"The Way of Love - Prayer"
As we circle around “The Way of Love” (Turn Learn Pray Worship Bless Go Rest) we turn now to Prayer. Presiding Bishop Michael Curry introduces the theme “Pray” this way. “Jesus teaches us to come before God with humble hearts, boldly offering our thanksgivings and concerns to God or simply listening for God’s voice in our lives and in the world. Whether in thought, word or deed, individually or corporately, when we pray we invite and dwell in God’s loving presence.”
There seems to be so much uncertainty about “how” to pray. So often we wonder, “Am I doing it right?” One of my favorite quotes about praying comes from contemporary poet Mary Oliver: “It doesn’t have to be the blue iris, it could be weeds in a vacant lot, or a few small stones; just pay attention, then patch a few words together and don’t try to make them elaborate, this isn’t a contest but the doorway into thanks, and a silence in which another voice may speak.” (From her poem Praying)
Prayer can simply be a rambling conversation with God. Or it can be as simple as one word. How often I have used or encouraged others to pray the one-word prayers that Annie Lamott popularized in her book whose title offers probably the most spontaneously used one word prayers we turn to: “Help, Thanks, Wow.” Sometimes we speak such a thought in a whisper or an anguished cry or a rush of awe. Other times we may we simply feel it as something wordless that wells up inside of us. Either way it is a holy prayer moment.
The disciples, Jesus’ followers, asked him, “Teach us to pray!” Jesus starts out with the prayer that is so familiar it seems indelibly inscribed on our hearts. Woven so seamlessly into our minds that it flows out of the deep currents of our memory as we give voice to it. Jesus begins, sharing it this way: “Our Abba.” He uses the Aramaic familiar, everyday intimate word for “Father” better translated perhaps as “poppa.” Jesus is teaching us that prayer is intimate, as intimate as the connection between a loving parent and a child needing love, nurture, and a sense of security within an all-embracing divine love.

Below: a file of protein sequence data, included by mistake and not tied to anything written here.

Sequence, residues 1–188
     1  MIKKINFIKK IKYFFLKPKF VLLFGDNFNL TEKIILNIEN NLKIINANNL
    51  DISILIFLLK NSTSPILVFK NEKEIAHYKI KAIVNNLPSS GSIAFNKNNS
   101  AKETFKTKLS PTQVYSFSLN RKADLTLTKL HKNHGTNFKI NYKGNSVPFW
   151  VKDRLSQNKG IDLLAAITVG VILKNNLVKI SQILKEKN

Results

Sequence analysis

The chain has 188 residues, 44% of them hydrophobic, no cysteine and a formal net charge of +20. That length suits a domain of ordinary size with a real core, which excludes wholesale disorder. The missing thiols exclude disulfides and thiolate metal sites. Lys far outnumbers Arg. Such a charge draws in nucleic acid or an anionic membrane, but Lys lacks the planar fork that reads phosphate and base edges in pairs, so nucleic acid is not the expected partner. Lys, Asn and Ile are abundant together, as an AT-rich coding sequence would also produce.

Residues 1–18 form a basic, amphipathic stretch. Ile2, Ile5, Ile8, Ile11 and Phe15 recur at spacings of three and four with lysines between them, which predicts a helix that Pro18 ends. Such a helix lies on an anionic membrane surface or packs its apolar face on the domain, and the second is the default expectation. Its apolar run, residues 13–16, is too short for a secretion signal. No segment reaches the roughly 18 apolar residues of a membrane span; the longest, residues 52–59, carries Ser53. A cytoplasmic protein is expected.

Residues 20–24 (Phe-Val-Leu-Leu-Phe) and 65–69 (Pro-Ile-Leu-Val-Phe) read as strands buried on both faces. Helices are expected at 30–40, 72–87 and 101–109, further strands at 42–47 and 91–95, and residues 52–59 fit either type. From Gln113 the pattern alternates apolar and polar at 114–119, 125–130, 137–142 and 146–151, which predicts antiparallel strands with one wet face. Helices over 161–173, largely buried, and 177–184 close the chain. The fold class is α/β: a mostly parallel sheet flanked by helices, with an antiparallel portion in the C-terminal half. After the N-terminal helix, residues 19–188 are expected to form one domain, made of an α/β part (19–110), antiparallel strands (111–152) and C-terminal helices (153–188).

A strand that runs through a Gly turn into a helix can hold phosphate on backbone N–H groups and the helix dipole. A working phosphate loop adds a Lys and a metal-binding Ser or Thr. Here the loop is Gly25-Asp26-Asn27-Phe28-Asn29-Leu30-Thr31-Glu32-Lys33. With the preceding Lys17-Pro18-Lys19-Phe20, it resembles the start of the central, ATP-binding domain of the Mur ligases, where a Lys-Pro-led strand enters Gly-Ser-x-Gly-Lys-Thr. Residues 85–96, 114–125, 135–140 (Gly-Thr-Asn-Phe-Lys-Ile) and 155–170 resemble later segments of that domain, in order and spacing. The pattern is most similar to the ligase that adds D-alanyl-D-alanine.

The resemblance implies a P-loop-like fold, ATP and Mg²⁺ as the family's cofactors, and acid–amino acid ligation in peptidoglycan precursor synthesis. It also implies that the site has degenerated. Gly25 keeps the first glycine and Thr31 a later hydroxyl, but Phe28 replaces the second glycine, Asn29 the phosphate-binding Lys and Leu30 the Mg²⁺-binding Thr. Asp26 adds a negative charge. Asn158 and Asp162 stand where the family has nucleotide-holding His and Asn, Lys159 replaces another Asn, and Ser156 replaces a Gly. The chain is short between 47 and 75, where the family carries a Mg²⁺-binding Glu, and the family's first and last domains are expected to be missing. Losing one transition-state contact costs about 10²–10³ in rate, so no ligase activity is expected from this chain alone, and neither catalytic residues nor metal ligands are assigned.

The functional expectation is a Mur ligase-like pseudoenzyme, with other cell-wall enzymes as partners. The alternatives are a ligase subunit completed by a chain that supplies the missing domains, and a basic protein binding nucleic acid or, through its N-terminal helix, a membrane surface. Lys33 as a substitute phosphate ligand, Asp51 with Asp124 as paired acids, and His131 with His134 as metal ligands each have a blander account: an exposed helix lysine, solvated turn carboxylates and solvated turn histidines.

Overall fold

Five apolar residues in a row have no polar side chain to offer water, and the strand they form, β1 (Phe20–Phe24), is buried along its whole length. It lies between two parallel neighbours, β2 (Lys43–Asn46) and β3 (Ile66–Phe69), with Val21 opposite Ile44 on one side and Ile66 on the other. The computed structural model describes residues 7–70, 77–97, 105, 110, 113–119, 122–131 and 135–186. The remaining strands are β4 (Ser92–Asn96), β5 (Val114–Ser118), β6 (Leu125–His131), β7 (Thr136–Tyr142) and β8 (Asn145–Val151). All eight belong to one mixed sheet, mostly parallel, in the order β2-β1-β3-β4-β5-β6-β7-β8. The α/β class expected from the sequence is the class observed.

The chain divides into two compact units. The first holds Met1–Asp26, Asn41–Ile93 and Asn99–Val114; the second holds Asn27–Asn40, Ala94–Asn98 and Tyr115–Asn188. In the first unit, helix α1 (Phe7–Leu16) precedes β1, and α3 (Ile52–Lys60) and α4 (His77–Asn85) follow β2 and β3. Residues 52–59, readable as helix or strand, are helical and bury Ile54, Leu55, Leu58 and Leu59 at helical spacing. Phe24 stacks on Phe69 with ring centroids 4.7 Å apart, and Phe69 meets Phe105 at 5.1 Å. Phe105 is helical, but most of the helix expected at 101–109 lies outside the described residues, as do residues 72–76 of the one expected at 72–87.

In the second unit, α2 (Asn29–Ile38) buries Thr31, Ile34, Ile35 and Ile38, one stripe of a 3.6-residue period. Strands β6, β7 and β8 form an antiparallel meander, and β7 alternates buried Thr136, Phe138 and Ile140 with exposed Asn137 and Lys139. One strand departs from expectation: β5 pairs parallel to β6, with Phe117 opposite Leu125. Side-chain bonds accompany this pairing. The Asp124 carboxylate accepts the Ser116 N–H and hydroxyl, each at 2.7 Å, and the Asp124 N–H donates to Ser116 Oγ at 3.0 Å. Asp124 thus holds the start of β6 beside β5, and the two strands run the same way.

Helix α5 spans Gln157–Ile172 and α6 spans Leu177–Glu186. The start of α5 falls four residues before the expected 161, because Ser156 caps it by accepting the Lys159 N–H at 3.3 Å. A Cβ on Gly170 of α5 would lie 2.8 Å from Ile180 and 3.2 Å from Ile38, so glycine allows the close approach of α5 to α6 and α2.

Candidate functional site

Praying isn’t just a way of connecting that uses words or feelings, it involves our bodies. Praying is an embodied “act.” The ancient Hebrews stood, raised their arms and their faces to heaven when they prayed to God. Christians bow and kneel. Or they look into the eyes of saints or Mother Mary in icons, or gaze at images of Jesus in pictures or on stained glass as prayers rise within them. Or we sing our prayers in praise or lament. Or tune into moments and connect to something Divine in the sounds of a trumpet on Easter morning, a guitar around a retreat campfire, or an organ any Sunday morning. Those sounds carrying what we cannot say ourselves when what needs to be offered and received is too deep for words. Aren’t we praying when we rock and lullaby a baby? Or simply sit in silence with a loved one who is ill and needs in a way deeper than words to feel the love our heart presence offers.
I have heard it said that although we think we are the ones to initiate prayer, the reality is that God is always the initiator. That prayer is simply a response to God’s invitation to be present with the Divine Presence. That God is always simply waiting for us to turn toward the Divine love, compassion, wisdom, and embrace that is offered. A Love waiting for us to receive and respond to it and then live it forward into our lives.
Sometimes prayer is the easiest thing in the world and as near to us as the air we breathe. Other times it feels like a language or a pathway that we may have once known but now have forgotten and have lost our way back to it. So much can get in the way of our connection to the Path. Just like so much can get in the way of our living along The Way of Love. Prayer is simply conversation flowing between two hearts, our heart and the heart of the Divine. It is Holy. It is life giving. Let us help each other practice the art of Holy Conversation. God is inviting us. How will we RSVP?